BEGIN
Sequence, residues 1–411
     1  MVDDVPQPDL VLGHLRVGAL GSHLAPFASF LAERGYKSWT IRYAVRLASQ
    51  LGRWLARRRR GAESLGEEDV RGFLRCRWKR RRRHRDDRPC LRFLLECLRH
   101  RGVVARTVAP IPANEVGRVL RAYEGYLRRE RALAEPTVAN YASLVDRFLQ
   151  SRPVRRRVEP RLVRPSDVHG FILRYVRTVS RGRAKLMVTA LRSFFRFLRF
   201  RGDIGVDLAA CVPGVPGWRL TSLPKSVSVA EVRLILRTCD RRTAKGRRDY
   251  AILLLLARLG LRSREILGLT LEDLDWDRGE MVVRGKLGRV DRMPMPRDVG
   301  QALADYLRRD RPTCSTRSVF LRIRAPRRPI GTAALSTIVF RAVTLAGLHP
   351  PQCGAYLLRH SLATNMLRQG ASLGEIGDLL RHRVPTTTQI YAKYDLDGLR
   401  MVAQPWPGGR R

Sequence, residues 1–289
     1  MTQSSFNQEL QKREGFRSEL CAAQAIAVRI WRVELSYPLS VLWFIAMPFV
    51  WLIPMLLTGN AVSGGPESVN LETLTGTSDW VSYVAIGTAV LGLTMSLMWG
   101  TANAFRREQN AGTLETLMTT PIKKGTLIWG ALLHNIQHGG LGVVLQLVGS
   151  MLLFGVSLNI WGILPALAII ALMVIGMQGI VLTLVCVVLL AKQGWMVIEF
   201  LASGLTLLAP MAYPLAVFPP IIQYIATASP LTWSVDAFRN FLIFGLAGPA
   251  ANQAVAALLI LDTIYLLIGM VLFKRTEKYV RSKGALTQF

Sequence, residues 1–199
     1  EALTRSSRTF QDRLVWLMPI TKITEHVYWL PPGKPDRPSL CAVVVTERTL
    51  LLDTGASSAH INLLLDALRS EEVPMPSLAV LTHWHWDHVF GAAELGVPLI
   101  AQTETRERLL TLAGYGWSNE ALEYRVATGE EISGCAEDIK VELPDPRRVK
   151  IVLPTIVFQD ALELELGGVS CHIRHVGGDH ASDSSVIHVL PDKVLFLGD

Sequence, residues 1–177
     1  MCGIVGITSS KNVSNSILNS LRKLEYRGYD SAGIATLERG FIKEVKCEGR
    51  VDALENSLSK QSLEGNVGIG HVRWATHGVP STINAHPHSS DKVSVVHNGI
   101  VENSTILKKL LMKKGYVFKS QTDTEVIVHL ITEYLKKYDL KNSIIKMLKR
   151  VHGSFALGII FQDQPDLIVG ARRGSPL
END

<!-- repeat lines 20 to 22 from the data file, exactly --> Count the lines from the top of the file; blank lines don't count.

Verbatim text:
    51  LLDTGASSAH INLLLDALRS EEVPMPSLAV LTHWHWDHVF GAAELGVPLI
   101  AQTETRERLL TLAGYGWSNE ALEYRVATGE EISGCAEDIK VELPDPRRVK
   151  IVLPTIVFQD ALELELGGVS CHIRHVGGDH ASDSSVIHVL PDKVLFLGD